This year, with three weeks left to go, I am happy to say that I’m in a different place.  I don’t feel the need to obsess about a particular result.  Yes, I have goals, but those are just bricks in the wall.  Whatever happens that day when I toe the line at Pine to Palm, I’m in a place to anticipate the joy of having the ability to go out for a long run in the woods.  Just like my buddy Andrew said, “it’s just a run.”

As for Andrew’s attempt at the Western States 100?  He won the whole damn thing and in the process, continued to take on the attitude that he was just going for a run that day, doing what he loves most.

 

 

 

 

 

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The Soundtracks to Our Lives

Just for fun and on the lighter side….

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My home away from home, the Dunn Forest, where I keep my second office for writing and getting mental shit done.

Music means the world to me.  At any point in time a tune may come on and evoke old emotions and memories.  I am continually reminded of some of the best times in my life and the songs that were a part of those distinct memories.  Here’s a look back at some of the soundtracks to my life:

Early teens:  It was all about hair-metal, period.  My early teenager years revolved around mainstay bands such as Motley Crue, Guns’N’Roses, Warrant, Poison, Ratt, Cinderalla, and Bon Jovi.  Also included in the mix were more obscure bands like Lillian Axe, Trixter, Winger, Steelheart, Shotgun Messiah, and Slaughter.  If you ever get a chance check out Lillian Axe’s “See you Someday.”  It’s a FUCKING kickass ballad that never seemed to get any traction.  That song always reminds me of late night summer campouts and Navy Seal runs with my boys Matt and Matt.  To this day any song from that period can come on and I’m instantly taken back to the fun and innocence that was had in the 90’s.

Late Teens/High School:  While continuing to respect my obsession with the glamour filled 80’s bands that I had grown to love, a slight adjustment was made when I got to High School at Burke Mtn. Academy.  All of the kids there seemed to be enamored by some dude named Dave that played acoustic guitar with some other guy named Tim Reynolds.  Early on in my tenure at Burke I remember cassette tapes being traded around like baseball cards, certainly I was intrigued to know what all the hype was about.  It was at this point that The Dave Matthews Band made an entrance into my life.  Under the Table and Dreaming had just come out a couple of years prior and after one listen I wanted to hear more.  Fortunately, I was in luck, for that spring of my Junior year at Burke, right around the time when we took our annual class trip, Dave’s “Crash” album hit the airwaves.  Every single song on that album began to take meaning as friends and I would create memories based on his entrancing melodies.  The British Rock scene also made a profound appearance as Ryan Heinz, a native of England, began to bring back CD’s from home to Burke of all sorts of new bands like The Prodigy, The Verve, Blur, and of course, Oasis which to this day still has a profound effect on my memory bank.  In fact, as I’m sitting here writing in the middle of the Dunn Forest I’ve got “What’s the Story Morning Glory” blasting through my MacBook. Ryan also exposed me to a new genre of music that started a movement with what I would listen to for many years to come.  He introduced me to electronic music, most notably Underworld, through their single, featured at the end of the movie Trainspotting, “Born Slippy NUXX.”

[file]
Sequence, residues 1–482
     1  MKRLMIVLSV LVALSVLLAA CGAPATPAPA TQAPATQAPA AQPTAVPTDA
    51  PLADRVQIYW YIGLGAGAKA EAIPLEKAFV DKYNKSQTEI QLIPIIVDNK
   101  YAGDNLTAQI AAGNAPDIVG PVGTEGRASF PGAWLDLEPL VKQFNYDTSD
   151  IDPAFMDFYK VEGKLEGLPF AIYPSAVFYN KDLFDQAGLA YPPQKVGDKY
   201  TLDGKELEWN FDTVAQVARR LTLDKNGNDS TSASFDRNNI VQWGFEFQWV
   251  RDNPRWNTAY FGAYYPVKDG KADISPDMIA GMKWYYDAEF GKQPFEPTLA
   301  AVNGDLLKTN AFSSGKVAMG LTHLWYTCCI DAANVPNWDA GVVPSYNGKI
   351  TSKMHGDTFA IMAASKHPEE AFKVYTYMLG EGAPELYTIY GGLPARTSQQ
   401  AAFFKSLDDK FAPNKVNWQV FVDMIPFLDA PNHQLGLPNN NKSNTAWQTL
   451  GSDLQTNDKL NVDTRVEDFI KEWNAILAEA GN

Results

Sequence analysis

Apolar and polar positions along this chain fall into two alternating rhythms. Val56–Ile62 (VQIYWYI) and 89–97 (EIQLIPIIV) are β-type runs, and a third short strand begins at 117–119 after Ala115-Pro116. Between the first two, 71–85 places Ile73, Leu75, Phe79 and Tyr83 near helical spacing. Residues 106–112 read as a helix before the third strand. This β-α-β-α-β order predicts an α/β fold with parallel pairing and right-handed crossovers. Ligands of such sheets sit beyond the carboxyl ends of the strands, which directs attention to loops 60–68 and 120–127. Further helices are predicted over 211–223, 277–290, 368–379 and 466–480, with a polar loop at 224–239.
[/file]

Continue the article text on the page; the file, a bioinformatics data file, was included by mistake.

College:  The electronic music kept forging its way into my life when I met this skinny little kid from Connecticut, who lived just down the hall from my good friends Jeff and Hillary,  named Kieran.  I didn’t really get to know him until sophomore year when we lived and pledged Phi Kappa Sigma together.  Something about him intrigued me because he was listening to music that no one else seemed to know about:  Trance.  It was also around this time that Moby’s “Play” came out.  Putting Moby together with DJ’s such as Ayla and DJ Keoki began to cement my passion for the early EDM scene.  My most vivid memory of college, in terms of music, is when Kieran and I, along with the rest of our suite mates, were playing frisbee outside of our dorm, blasting the hell out of Moby’s “Bodyrock.”  Every single time I hear that track I am quickly returned to those fantastic and care free times that we experienced together.